Last season, the final Manchester derby was a mesmerising spectacle that ultimately proved pivotal in the title race, with City's win allowing them to gain the belief and momentum to secure top spot at the end of a dramatic season. 

This year no such drama will be repeated. The title will be heading to Old Trafford - barring a cataclysmic collapse from Manchester United - despite City's win at Old Trafford last night.

Apart from the win last night the blue side of Manchester has appeared tame and disjointed in the current campaign leading to reports that the club's owners are ready to dispose of their current boss.

Roberto Mancini was heralded as he led the Citizens to their first league title for over 40 years however, he has swiftly fallen out of favour this season as the Premier League has slipped from their grasp with very little fight. 

A weak performance in Europe has not helped the Italian's cause, though admittedly they were in a tough group. Having said this, progression was by no means impossible and third-place was expected as a minimum.

So should Man City get rid of the man who has spearheaded their recent success? 

There are plenty of reasons which would suggest it would be a justified decision. His lavish spending throughout his tenure has added pressure to him and quite rightly so.

An owner who has ploughed over £200m into the club in transfer fees for players such as David Silva, Sergio Aguero and Javi Garcia during his tenure would expect success.

It is also clear that the owners are hoping for more progress in Europe - Mancini has failed to deliver in both cases. Only an F.A. Cup victory could salvage what has been a poor season for City. On several occasions, City have been underwhelming, producing copious below-par performances with several key players failing to perform.

Mancini has persisted in trying to master playing three centre-backs, leaving them vulnerable in defence. He has also appeared to have fractious relationships with some of his players such as Samir Nasri, Mario Balotelli and Carlos Tevez.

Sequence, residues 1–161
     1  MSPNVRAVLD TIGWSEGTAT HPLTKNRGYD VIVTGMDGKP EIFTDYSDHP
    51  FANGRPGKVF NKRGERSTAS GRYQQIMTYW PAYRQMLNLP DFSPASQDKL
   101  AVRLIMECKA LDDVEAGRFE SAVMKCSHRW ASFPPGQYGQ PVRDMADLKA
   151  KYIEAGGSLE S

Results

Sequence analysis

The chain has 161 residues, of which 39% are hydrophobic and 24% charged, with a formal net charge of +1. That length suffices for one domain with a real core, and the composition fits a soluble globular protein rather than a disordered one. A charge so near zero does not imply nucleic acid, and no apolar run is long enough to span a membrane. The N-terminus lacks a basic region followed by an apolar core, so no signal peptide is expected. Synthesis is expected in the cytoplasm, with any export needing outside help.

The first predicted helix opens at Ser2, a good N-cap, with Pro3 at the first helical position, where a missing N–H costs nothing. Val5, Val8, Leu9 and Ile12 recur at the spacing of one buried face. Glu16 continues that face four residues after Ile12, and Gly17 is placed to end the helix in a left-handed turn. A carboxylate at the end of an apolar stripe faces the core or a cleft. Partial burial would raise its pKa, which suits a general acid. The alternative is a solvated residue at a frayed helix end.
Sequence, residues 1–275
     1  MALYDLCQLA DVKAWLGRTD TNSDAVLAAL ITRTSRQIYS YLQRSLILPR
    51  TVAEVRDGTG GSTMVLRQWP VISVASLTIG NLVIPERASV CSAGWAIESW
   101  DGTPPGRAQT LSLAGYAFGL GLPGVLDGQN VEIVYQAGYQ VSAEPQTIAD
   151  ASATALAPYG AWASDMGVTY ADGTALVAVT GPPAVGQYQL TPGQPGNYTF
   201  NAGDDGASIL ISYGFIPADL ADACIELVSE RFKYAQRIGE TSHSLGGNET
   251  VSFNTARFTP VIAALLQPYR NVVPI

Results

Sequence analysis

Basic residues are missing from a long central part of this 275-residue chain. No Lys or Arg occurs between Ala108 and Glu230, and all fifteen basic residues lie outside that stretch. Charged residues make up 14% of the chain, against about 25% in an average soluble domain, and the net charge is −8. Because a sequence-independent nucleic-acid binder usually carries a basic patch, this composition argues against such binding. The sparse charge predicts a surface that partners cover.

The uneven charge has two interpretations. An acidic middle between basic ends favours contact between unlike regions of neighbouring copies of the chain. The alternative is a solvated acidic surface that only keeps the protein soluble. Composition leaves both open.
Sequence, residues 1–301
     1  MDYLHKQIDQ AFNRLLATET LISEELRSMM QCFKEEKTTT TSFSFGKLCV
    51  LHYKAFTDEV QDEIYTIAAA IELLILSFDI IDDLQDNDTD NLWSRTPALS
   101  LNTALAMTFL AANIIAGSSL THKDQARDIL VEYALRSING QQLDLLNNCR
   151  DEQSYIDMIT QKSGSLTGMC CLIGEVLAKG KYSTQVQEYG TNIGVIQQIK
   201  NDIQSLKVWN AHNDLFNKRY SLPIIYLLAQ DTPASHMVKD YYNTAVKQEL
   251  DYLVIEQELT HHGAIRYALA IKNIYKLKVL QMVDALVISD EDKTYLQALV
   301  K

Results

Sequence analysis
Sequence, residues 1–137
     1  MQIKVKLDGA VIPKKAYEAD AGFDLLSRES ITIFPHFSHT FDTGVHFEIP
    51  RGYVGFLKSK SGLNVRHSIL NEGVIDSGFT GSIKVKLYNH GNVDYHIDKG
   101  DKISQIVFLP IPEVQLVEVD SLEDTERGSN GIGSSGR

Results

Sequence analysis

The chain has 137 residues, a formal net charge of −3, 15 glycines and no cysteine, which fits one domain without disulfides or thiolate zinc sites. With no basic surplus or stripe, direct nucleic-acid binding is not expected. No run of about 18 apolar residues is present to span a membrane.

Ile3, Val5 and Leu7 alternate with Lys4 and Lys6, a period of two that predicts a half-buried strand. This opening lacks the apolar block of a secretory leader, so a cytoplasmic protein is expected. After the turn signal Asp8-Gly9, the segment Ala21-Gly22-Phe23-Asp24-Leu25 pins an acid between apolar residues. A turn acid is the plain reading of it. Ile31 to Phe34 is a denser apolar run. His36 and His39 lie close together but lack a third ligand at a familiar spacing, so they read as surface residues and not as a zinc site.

Furthermore, his strikers will have lost confidence due to his constant lamenting of the fact that he failed to add Robin Van Persie to his £100m-plus strike force. His constant complaining is likely to have made some world-class players feel inferior, as seen with all of their lacklustre performances. 

Having said this, his side are on the cusp of F.A. cup victory and look likely to secure second place. The signings made in the summer by now-departed Brian Marwood were poor and thus Mancini has not been given the best of squads to compete with. Scott Sinclair and Jack Rodwell have both been anonymous this season, whilst Javi Garcia has failed to shine.

A lack of alternatives could also work in Mancini's favour, with Jose Mourinho seemingly set for either Paris St Germain or Chelsea and Pep Guardiola heading for Bayern Munich.

Manuel Pellegrini still offers an attractive option should they be able to coax him from Malaga, and the same can be said for David Moyes at Everton. 

There is a large part of me that feels it would be unfair to sack Mancini after last year's success, particularly at a time when managerial stability is scarce. 

However, another part of me feels there are people out there who could do a better job than him, and that perhaps it is time for David Moyes to be given a chance at a top club. Only time will tell, but if Mancini fails to win the F.A. Cup it is possible that Mancini and City will part ways this summer.

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